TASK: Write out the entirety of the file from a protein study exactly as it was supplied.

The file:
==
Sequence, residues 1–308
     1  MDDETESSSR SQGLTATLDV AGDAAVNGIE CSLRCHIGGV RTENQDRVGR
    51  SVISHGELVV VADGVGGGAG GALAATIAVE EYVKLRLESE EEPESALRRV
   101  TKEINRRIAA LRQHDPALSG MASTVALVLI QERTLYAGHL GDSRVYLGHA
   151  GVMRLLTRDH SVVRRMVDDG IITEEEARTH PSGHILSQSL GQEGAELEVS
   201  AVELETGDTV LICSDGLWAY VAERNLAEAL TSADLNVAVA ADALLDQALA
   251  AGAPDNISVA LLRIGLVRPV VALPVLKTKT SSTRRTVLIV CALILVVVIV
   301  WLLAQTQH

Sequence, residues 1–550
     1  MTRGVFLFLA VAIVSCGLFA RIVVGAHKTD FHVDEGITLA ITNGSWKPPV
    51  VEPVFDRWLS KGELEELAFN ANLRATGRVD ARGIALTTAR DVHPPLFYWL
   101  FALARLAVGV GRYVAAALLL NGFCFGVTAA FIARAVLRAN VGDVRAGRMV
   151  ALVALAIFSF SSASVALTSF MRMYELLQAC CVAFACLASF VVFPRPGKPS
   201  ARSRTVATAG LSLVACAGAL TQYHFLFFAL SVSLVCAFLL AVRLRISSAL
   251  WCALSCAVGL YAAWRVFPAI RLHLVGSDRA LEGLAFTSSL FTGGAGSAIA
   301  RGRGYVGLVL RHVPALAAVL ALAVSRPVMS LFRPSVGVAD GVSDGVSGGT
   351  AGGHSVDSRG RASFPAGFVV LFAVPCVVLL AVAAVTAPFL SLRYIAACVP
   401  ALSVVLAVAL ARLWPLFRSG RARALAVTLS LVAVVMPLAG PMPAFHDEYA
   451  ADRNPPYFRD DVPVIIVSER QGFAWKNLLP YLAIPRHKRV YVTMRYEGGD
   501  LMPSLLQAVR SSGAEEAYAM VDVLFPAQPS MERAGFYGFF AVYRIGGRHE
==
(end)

Sequence, residues 1–308
     1  MDDETESSSR SQGLTATLDV AGDAAVNGIE CSLRCHIGGV RTENQDRVGR
    51  SVISHGELVV VADGVGGGAG GALAATIAVE EYVKLRLESE EEPESALRRV
   101  TKEINRRIAA LRQHDPALSG MASTVALVLI QERTLYAGHL GDSRVYLGHA
   151  GVMRLLTRDH SVVRRMVDDG IITEEEARTH PSGHILSQSL GQEGAELEVS
   201  AVELETGDTV LICSDGLWAY VAERNLAEAL TSADLNVAVA ADALLDQALA
   251  AGAPDNISVA LLRIGLVRPV VALPVLKTKT SSTRRTVLIV CALILVVVIV
   301  WLLAQTQH

Sequence, residues 1–550
     1  MTRGVFLFLA VAIVSCGLFA RIVVGAHKTD FHVDEGITLA ITNGSWKPPV
    51  VEPVFDRWLS KGELEELAFN ANLRATGRVD ARGIALTTAR DVHPPLFYWL
   101  FALARLAVGV GRYVAAALLL NGFCFGVTAA FIARAVLRAN VGDVRAGRMV
   151  ALVALAIFSF SSASVALTSF MRMYELLQAC CVAFACLASF VVFPRPGKPS
   201  ARSRTVATAG LSLVACAGAL TQYHFLFFAL SVSLVCAFLL AVRLRISSAL
   251  WCALSCAVGL YAAWRVFPAI RLHLVGSDRA LEGLAFTSSL FTGGAGSAIA
   301  RGRGYVGLVL RHVPALAAVL ALAVSRPVMS LFRPSVGVAD GVSDGVSGGT
   351  AGGHSVDSRG RASFPAGFVV LFAVPCVVLL AVAAVTAPFL SLRYIAACVP
   401  ALSVVLAVAL ARLWPLFRSG RARALAVTLS LVAVVMPLAG PMPAFHDEYA
   451  ADRNPPYFRD DVPVIIVSER QGFAWKNLLP YLAIPRHKRV YVTMRYEGGD
   501  LMPSLLQAVR SSGAEEAYAM VDVLFPAQPS MERAGFYGFF AVYRIGGRHE